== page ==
And then I glanced over my shoulder and saw one of the best sights out of a day crammed with unforgettable images. In a corner table under the stairs sat a very old woman with a round, pink face, seated on a red velvet bench. Swathed in a lovely wrap, her white hair was piled in a soft bun high on her head, and she sat very straight. But her air was gentle, slightly plaintive. Her fur coat was draped over the chair across the table, her hands rested quietly on her napkin, and the whole of her essence bespoke an old world gentility.
Until a tiny, spry little Yorkie suddenly dashed from under the table, sprang onto the red velvet and merrily stole her napkin.
“No, no!” she scolded. Then smiled. Laughed. And scratched his ears. The waiters were not in the least phased by the extra customer, and seemed quite familiar with the duo. They bent close to laugh and talk, take her order and acknowledge her canine companion. She smiled at the world and ate her excellent dinner with relish. In the hour we were there, she finished two entrees and four glasses of wine and was just leaning forward to order again. She was rosy, happy, attentive, alive.
Today I visited Saint-Chapelle. And was glad to remember these words from an author who is quickly becoming a favorite:
“We no longer dare to believe in beauty and we make of it a mere appearance in order the more easily to dispose of it. Our situation today shows that beauty demands for itself at least as much courage and decision as do truth and goodness, and she will not allow herself to be separated and banned from her two sisters without taking them along with herself in an act of mysterious vengeance. We can be sure that whoever sneers at her name as if she were the ornament of a bourgeois past — whether he admits it or not — can no longer pray and soon will no longer be able to love.”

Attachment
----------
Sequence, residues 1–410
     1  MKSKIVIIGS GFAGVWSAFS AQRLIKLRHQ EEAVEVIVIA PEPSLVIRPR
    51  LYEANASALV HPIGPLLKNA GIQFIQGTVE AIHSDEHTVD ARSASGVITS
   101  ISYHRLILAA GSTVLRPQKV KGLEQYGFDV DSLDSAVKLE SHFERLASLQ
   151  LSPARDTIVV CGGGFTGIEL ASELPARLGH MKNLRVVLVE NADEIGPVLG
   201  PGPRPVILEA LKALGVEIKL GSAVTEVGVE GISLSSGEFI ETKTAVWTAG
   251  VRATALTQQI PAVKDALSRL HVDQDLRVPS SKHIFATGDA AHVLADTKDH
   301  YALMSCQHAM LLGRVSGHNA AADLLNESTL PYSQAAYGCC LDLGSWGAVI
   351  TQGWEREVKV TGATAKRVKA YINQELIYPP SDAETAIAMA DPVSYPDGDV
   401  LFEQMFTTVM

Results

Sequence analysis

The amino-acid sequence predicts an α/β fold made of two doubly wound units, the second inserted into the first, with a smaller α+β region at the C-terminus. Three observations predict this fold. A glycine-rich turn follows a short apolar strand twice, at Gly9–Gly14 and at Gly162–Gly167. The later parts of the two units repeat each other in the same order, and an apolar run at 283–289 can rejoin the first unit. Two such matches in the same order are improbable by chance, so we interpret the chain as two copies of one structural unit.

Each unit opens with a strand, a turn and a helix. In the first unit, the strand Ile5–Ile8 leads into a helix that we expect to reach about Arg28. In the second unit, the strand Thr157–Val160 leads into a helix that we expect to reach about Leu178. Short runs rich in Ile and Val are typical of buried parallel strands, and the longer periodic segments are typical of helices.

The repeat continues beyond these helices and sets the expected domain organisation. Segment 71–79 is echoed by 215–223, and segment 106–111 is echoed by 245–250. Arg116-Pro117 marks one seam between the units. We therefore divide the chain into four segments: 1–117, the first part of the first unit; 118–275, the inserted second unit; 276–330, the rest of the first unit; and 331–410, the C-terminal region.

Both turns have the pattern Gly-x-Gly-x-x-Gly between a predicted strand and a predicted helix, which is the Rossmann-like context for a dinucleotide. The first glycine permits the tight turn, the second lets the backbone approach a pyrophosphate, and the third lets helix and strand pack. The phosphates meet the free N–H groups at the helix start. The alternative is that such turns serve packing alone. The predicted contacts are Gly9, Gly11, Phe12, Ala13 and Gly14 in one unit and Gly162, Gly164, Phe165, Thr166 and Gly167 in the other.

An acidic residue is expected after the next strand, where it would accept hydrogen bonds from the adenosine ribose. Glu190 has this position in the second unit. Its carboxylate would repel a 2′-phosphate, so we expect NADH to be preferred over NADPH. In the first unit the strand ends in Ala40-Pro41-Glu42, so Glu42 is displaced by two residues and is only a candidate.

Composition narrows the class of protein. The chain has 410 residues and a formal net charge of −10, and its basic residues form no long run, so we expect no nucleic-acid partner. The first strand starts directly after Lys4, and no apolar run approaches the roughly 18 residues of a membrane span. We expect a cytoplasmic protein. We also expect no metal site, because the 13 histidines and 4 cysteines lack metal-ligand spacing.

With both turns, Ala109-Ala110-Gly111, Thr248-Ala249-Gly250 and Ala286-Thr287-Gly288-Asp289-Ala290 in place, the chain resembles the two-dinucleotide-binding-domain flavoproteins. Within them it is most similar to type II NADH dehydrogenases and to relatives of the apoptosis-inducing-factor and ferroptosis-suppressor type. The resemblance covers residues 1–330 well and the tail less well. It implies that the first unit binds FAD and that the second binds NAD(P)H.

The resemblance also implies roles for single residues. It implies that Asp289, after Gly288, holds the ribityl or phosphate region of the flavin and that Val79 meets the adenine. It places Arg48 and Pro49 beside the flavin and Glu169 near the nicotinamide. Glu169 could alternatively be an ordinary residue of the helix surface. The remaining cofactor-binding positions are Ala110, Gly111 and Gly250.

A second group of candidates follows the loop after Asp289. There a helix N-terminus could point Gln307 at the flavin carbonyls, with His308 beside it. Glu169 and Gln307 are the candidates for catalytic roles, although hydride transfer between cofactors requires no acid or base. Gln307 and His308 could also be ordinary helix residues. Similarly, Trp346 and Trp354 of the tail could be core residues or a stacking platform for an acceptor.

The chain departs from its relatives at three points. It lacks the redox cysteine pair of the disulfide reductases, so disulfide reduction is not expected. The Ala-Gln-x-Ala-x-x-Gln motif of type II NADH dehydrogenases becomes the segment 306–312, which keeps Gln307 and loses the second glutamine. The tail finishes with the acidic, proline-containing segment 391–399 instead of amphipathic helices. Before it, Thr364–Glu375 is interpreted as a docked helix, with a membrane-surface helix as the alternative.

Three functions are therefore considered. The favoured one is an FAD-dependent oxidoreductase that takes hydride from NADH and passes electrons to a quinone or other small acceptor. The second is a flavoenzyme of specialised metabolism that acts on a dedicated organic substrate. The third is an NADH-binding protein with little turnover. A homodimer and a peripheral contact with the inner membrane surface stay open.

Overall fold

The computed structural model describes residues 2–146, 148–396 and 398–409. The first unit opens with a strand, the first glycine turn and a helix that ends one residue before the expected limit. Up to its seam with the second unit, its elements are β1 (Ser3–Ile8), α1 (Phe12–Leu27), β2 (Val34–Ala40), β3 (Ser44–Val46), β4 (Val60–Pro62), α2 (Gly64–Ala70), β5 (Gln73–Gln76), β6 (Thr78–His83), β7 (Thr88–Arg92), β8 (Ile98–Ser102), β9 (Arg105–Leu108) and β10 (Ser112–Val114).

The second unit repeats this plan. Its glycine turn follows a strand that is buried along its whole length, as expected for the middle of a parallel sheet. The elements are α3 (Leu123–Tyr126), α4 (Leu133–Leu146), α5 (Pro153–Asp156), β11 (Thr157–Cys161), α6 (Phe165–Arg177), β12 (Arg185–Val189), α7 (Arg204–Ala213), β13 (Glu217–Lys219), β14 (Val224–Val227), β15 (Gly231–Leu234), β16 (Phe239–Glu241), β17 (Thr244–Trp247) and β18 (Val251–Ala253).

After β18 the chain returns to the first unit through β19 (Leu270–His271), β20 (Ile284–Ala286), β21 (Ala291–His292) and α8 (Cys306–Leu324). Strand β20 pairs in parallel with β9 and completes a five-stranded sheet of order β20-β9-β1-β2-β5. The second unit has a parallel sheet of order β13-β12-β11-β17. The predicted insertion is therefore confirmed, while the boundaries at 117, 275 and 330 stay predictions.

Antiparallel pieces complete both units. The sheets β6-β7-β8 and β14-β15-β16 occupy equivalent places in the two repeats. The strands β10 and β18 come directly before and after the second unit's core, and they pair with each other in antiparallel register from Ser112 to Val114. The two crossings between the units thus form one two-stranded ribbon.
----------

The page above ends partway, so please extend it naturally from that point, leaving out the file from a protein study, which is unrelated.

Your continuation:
I’m in a writing vortex. Have you ever experienced this? It’s when you eat and sleep and breathe and wake up in the night thinking about a project until you feel just a tad, the smallest tad, mind you, insane. Writing is hard. Sweat and tears hard. People always seem to have this image of writers as lounging in a high-backed chair sipping tea and being inspired. For me, it’s an almost painful exercise in wrangling the inchoate, intuitive things I know on the level of deepest soul into the cramped containers of words. It takes hours. It takes intense, ridiculous focus. It takes a vortex.
This is the only way I know to get a book written.
But at dusk tonight, as a round, flared crimson sun shimmered down the horizon and the world got misty and cool, I sat with my lovelies and we took a deep breath. You have to do that, you have to make the space in which to breathe and claim it as a discipline, a grace. We talked and wondered, discussing how life is richly blessed. But we also spoke of how it is never easy. How good relationships, like good books, take an immense amount of work. How life demands much more, sometimes than we think we can give. Easy? I don’t know that it ever will be.